Getting to Know the French Bulldogs

The French Bulldog was never categorized as a sporting breed and is well-known as a household pet. This breed was originally accepted by the American Kennel Club in the late 1800s. A full grown French bulldog's weight typically ranges from 17 and 28 lbs. and its average height at the shoulder is 11 to 12 inches. By looking into the French bulldog's temperament in addition to his needs, you can identify if such a breed is suitable for you and also your household.  Click here to find French bulldog puppies for sale.

This breed can be small if not medium in its overall size as well as often has a dwarf mastiff look. They typically exhibit broad shoulders, a profound chest, a solid neck, along with well-developed muscles. They have a coat that is typically the color of brindle or if not fawn and white. If this breed is not treated as show dogs, they can as well be bred with black, liver, or mouse coat color.

They usually are very affectionate as well as energetic. They are an excellent pet, considering that they are not difficult to form a warm and close attachment with. Because they are not regarded as sporting dogs and have little energy, the breed does not need a lot of exercise. While they make a wonderful family pet, they do have the tendency to deal better with children who are more mature because they sometimes are unable to tolerate or understand the behavior of very young kids.

French Bulldogs can normally put up with other pets, but only if the other pets are introduced to them when they are still french bulldog puppies. As opposed to the English Bulldog, the French Bulldog is not very difficult to train because of its intelligent and attentive nature. Even without training, a lot of family still choose this breed only as a household pet.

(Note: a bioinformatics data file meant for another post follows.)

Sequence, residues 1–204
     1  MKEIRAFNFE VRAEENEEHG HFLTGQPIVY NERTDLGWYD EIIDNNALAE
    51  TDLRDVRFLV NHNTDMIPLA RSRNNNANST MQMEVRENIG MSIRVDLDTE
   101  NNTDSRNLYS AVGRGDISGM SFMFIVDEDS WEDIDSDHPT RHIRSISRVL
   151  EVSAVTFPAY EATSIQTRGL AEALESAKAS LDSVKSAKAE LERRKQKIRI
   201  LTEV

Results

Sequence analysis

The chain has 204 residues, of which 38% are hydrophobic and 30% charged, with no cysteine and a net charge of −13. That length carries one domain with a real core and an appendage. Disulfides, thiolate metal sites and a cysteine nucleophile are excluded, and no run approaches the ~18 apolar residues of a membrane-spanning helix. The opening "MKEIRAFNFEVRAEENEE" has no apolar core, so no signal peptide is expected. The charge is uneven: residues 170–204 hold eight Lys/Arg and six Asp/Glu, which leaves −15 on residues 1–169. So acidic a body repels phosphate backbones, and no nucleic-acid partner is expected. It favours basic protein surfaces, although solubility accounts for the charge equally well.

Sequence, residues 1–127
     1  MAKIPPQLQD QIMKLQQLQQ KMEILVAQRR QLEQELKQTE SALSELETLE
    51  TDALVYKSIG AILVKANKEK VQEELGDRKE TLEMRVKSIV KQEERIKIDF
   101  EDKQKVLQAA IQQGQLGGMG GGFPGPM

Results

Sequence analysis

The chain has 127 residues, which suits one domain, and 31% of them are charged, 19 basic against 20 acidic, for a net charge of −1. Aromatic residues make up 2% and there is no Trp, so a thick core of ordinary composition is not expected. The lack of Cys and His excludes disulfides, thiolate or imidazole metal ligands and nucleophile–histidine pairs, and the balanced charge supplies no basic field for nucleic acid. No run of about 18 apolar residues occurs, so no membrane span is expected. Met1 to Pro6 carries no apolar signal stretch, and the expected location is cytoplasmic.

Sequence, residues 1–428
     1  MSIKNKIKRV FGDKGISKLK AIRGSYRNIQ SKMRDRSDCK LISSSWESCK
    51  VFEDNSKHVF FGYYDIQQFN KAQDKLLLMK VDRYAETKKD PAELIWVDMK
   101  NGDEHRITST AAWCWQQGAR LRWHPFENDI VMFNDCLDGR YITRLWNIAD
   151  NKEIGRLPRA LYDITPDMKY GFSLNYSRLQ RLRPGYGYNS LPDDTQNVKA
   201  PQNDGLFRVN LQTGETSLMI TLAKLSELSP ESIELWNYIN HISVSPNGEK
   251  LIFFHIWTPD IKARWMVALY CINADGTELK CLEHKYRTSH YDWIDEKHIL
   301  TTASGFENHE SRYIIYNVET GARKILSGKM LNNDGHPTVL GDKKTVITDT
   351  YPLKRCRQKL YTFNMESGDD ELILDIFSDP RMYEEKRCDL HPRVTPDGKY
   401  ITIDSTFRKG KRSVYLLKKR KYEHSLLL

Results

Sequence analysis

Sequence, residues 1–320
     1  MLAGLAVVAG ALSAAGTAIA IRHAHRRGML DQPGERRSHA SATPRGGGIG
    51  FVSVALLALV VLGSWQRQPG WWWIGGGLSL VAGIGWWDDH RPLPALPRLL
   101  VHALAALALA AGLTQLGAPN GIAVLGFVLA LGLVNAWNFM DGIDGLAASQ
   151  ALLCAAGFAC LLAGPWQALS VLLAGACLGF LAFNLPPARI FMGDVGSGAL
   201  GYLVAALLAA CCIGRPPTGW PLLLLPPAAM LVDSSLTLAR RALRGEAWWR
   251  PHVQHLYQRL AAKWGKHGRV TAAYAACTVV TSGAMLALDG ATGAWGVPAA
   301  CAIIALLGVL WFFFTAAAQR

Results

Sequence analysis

The French Bulldog has some special health issues that you must take into consideration. A primary threat to the French bulldog is that they can develop breathing issues whenever they perform excessive exercise, extreme levels of excitement or environmental temperatures. Known as Brachycephalic syndrome, this is the outcome of their small snout as in addition to the overall shape of their skull. Their breathing issues is apt to get serious and also life threatening. So, you are not supposed to walk your French Bulldog under the hot, dry weather and never leave them outside under the hot temperature for long periods. Contact your veterinarian immediately if you notice your pet is experiencing trouble breathing or if it acts like it cannot catch its breath. By so doing, your French Bulldog puppy can receive treatment before its condition gets too serious.

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Getting to Know the French Bulldogs
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